•  
I am sure you all can come up with more variations on filling than I can mention here, but I do like the sound of garam masala with the potatoes, spring onions and peas instead of potatoes, or maybe cauliflower...

This is a link to the recipe in the Huffington Post (in which Mark warns us that it may sound like "carbohydrate overkill)

My notes:

- Of course I had some difficulty rolling the dough into a disk... my whole wheat stayed  a bit course and the dough a bit too dry so it didn't relax enough. I found that rolling them a second time after some rest worked wonders.

- I really liked the flavour of these, don't be too shy in adding herbs and flavour, they can use some spice!

- I didn't get crisp through and through they stayed a little pancakey but that wasn't bad at all. Not sure if they are meant to get all crispy?

- Potatoe filling in mine, my spices were falafel, parsley and fresh cilantro. I could have added a green pepper for a bit of oomph.

- Loads of left over filling, too much filling will ooze out so I only used a scant two table spoons in each. You could safely do with half of the mentioned potatoes.

go forth and bake my girls!

And when you do, please send me the link to your post at bakemyday AT gmail DOT com with Aloo Paratha in the subject line before 29th November so I can send you that much coveted Buddy Badge!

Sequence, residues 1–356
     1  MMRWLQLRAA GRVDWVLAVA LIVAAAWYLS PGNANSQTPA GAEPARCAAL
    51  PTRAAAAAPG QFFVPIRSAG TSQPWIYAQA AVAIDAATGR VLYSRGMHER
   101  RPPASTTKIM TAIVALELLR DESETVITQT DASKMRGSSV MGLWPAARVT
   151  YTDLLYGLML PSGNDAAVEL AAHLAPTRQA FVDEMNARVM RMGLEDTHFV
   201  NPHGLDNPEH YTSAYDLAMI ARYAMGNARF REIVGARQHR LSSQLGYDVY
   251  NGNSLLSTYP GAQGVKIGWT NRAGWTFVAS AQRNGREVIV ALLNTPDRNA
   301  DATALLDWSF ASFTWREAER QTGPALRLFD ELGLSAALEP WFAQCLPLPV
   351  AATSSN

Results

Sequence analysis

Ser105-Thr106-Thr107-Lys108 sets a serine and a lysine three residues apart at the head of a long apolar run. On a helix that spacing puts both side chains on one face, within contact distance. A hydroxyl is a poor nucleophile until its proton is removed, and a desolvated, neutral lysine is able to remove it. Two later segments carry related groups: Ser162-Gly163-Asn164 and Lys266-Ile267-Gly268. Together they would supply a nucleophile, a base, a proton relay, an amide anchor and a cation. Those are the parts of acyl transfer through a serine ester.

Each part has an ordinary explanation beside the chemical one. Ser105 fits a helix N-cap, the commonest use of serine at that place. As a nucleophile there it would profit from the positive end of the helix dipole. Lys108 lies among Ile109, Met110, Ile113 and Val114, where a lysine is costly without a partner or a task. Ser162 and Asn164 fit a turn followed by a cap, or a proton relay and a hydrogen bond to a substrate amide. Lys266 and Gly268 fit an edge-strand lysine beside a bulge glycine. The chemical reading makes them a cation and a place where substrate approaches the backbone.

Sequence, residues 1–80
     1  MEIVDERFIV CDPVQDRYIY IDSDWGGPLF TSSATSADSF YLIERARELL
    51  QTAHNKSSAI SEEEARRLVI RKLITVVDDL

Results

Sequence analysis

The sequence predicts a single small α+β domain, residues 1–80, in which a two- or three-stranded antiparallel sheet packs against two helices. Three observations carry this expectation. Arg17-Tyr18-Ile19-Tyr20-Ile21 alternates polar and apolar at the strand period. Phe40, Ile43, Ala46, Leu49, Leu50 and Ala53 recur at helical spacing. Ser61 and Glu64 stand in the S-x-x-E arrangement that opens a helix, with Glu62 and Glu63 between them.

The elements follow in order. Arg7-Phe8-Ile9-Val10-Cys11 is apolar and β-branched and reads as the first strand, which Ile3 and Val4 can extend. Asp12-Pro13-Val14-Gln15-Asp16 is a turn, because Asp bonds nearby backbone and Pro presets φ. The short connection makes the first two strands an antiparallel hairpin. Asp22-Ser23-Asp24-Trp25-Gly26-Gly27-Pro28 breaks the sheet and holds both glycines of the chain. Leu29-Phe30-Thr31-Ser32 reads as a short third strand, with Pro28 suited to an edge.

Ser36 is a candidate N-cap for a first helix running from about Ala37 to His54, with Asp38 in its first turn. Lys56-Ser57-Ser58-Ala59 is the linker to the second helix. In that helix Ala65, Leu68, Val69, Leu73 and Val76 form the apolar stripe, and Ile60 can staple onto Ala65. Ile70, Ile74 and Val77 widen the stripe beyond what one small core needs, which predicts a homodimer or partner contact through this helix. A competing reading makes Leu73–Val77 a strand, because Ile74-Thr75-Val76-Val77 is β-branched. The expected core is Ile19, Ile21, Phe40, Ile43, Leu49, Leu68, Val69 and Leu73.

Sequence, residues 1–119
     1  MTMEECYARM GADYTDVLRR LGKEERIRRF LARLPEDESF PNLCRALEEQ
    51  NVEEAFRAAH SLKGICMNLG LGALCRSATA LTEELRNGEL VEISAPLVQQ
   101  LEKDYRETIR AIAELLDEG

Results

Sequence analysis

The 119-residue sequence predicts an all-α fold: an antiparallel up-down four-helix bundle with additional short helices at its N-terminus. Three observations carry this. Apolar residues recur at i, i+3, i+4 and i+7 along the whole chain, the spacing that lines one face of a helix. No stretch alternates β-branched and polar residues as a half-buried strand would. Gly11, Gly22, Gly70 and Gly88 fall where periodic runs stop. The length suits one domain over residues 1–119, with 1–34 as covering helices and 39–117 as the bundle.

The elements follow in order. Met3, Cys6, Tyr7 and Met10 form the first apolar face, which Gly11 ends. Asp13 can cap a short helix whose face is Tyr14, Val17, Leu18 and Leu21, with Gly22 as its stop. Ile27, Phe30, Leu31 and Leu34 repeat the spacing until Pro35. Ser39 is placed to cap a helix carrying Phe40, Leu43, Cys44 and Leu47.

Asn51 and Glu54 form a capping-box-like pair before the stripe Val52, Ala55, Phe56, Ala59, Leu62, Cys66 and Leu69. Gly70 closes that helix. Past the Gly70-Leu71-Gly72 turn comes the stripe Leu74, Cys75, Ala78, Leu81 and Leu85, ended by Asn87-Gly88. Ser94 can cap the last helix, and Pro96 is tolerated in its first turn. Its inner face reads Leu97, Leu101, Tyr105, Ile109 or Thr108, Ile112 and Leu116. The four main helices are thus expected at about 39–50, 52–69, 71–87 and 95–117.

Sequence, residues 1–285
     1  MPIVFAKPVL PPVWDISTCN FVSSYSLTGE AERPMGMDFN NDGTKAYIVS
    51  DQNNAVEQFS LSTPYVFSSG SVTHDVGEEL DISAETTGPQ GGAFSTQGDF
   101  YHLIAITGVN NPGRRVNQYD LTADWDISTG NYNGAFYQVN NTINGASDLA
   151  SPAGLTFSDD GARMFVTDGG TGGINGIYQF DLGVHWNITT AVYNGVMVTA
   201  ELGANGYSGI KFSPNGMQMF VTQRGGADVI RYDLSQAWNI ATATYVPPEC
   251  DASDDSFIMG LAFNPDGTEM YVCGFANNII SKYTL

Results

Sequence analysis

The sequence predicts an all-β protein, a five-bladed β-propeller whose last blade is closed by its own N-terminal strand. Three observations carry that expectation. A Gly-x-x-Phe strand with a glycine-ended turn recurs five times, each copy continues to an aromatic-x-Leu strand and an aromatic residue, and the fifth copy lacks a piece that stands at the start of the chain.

Please check with the other Babes to see how creative they made their Aloo Paratha's!

11 comments:

  1. You couldn't have chosen a better bread for November, just what we needed. Thanks oh Baking Yoda for making me bake this!

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  2. I can totally agree with all the notes you made! Yes these were lovely. These pan-baked breads are a big hit here for dinner. Thanks for a wonderful recipe Karen.

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  3. Thank you so much for choosing this recipe, Karen.... we LOVED it! Loved it! I had such fun making it - it was fun and quite easy to make - and we couldn't eat them fast enough. Delicious! I will definitely be making them again and again and trying variations on the filling. Just brilliant! Thank you! A great challenge and great BBB month!

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  4. I definitely agree that these are a comforting sort of bread - and the perfect choice for this month, Karen! Thank you for the challenge...we all enjoyed them.